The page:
Stamp duty for foreign buyers could be increased by up to 3%, UK Prime Minister Theresa May announced last weekend at the Conservative party’s conference in Birmingham.
The new increase in stamp duty, to be paid by individuals and companies not paying tax in the UK, will be rolled out after a consultation.
The new levy, once effective, is in addition to the stamp duty surcharge introduced in April 2016 on second homes.
UK STAMP DUTY FOR INDIVIDUALS OWNING MULTIPLE HOUSES
Amid criticism that the Government’s efforts to tackle the housing crisis has been a flop, Mrs May’s latest measure intends to bring down property prices for British residents by deterring foreign buyers.
Mrs May said on the BBC that her party is “very concerned about the impact that foreign buyers have on the housing market and the impact they have on people who are living here and trying to get into the housing market. The evidence is that foreign buyers coming in pushes house prices up and lowers home ownership here.”
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However, the move could be counterproductive, as reduced foreign investment could set back house-building efforts. Builders sell off-plan property in order to seek better financing terms, and the lack of foreign cash injections could slow down projects in the pipeline.
Virata Thaivasigamony, CSIPROP’s Director of Research feels that this would be a stopgap measure with potentially no real long term solution for housing supply in the UK.
“Price growth is influenced by supply and demand. There is already a glaring shortage of housing in the UK, which is a driving factor in house price inflation. Existing homeowners are facing challenges in downsizing or upgrading their homes, while millenials are unable to afford their own homes, hence the need for buy-to-let property.
“This new measure could be good in the short term for local buyers. However, foreign property investors have helped increase the supply of housing in the UK, and deterring foreign investment will have a knock-on effect on housing supply,” he said.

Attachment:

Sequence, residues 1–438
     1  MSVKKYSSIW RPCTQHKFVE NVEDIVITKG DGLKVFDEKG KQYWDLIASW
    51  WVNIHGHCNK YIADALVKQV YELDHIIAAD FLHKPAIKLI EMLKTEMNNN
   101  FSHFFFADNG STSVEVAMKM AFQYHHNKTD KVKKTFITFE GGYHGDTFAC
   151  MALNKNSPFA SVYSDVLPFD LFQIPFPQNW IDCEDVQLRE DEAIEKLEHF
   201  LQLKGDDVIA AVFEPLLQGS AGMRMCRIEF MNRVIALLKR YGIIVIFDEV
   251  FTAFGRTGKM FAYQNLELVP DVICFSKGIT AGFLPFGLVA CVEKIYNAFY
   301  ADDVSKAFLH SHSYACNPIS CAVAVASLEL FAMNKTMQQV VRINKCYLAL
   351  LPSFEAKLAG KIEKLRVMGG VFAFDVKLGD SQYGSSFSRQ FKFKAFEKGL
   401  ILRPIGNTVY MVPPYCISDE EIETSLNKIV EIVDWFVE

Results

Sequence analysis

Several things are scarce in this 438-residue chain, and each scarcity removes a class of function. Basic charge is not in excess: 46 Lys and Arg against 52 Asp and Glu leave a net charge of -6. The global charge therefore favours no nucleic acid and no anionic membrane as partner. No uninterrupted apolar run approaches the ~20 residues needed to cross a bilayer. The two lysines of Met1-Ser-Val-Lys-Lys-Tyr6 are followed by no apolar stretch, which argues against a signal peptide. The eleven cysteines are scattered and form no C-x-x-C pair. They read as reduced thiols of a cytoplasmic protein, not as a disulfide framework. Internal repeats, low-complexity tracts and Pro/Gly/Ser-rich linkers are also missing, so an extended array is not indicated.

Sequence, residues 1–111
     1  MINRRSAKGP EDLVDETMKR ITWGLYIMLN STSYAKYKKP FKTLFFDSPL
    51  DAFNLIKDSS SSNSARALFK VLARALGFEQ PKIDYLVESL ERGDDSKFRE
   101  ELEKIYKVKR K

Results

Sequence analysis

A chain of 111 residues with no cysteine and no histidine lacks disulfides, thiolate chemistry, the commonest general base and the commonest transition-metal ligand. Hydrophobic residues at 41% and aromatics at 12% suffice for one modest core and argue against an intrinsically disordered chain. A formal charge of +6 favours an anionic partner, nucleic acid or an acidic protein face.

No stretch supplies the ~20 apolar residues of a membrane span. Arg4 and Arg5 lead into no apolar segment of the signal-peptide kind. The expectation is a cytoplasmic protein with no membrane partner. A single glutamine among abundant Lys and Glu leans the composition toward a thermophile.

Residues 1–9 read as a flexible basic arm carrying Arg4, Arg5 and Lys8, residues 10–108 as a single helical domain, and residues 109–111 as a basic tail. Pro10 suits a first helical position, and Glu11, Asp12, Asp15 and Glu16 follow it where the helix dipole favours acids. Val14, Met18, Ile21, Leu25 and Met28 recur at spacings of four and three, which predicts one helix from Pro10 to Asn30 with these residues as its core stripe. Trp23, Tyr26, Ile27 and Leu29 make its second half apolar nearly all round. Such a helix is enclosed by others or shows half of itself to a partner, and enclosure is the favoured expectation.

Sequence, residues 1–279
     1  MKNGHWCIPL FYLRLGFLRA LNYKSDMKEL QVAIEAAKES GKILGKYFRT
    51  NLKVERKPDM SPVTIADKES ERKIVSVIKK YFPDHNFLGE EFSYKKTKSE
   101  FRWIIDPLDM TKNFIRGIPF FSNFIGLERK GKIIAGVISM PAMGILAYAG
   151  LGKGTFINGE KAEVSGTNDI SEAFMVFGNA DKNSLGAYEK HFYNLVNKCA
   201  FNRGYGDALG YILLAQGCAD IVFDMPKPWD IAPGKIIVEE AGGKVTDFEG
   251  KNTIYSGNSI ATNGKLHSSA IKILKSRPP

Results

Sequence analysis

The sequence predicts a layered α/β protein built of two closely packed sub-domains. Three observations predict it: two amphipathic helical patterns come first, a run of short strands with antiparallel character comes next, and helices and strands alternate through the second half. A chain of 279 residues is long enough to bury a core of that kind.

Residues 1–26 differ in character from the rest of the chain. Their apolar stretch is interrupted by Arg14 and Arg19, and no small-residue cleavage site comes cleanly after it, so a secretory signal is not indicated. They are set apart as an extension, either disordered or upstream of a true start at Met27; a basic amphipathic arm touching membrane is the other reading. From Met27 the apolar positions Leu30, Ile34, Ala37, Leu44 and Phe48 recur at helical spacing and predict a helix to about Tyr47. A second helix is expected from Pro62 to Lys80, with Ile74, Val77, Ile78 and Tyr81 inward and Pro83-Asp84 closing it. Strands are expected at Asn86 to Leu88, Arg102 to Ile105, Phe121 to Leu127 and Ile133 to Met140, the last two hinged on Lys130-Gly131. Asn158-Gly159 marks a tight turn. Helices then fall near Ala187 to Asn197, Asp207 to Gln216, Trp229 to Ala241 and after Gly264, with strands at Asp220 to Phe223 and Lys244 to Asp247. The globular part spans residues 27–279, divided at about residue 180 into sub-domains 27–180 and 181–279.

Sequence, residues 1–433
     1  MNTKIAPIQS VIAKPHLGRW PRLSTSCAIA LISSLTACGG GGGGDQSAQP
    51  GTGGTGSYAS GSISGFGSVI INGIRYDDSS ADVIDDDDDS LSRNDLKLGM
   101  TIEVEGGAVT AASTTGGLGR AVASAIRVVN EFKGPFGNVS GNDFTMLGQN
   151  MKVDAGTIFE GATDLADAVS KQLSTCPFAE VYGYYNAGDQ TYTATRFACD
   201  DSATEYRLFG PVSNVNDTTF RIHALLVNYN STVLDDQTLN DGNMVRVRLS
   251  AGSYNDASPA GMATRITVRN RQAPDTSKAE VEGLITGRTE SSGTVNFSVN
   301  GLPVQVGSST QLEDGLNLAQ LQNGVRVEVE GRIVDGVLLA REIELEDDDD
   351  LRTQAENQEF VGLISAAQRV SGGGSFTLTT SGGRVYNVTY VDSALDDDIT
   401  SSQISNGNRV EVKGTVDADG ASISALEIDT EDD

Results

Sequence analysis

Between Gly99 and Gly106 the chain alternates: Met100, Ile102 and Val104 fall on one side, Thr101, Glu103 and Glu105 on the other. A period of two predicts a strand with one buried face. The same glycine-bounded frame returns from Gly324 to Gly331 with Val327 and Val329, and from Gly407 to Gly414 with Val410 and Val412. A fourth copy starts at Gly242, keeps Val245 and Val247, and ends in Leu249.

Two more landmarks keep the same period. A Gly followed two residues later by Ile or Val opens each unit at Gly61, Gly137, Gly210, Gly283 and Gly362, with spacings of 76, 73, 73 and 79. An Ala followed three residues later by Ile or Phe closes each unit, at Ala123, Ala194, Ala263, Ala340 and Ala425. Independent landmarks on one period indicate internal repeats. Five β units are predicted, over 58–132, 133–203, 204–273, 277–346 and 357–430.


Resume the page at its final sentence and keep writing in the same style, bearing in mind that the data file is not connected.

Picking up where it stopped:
Trevor Abrahmsohn of estate agents Glentree International says, “whilst it is a laudable aim to raise a few hundred million pounds for homeless people, at this critical time for the country, when you want to encourage inward investment why stick up a notice to foreign investors saying ‘we’re closed for your business’?”
Adam Challis, head of residential research at property agents JLL, said: “It’s another small change but if it is read by investors as a signal of something broader, it’s quite possible that it will have a material effect on supply.”
Recent research has indicated that England has a severe backlog of 4 million homes. The Government will need to build 340,000 homes per year until 2031 in order to address the backlog. Current building efforts have fallen short — in 2016/17 only 217,350 homes were built and the government’s current pledge to build 300,000 homes annually by the mid-2020s, will not fully address the shortfall.
Thus, any slowdown in housebuilding could further push property prices, having the opposite effect of what Mrs May intends.
“If you’ve been sitting on the fence about investing in UK property, now is your best chance before the surcharge gets implemented. We are talking substantial savings,” Virata advised, adding that he foresees increased investment activity in the near future as foreign buyers attempt to beat the surcharge increase.
The increased duty will raise £40m to £170m a year, against the existing £9.5bn for residential property. Mrs May said this would be spent helping rough sleepers, whose numbers have been rising.
In August the government launched a £100m drive to eradicate rough sleeping in England by 2027.
If you’ve been sitting on the fence about investing in UK property, don’t hesitate any longer. Learn more about the savings that you get from buying before the stamp duty surcharge: give us a call at (+65) 3163 8343 (Singapore), 03-2162 2260 (Malaysia), or email us at firstname.lastname@example.org!
By Ian Choong Edits & additions by Vivienne Pal
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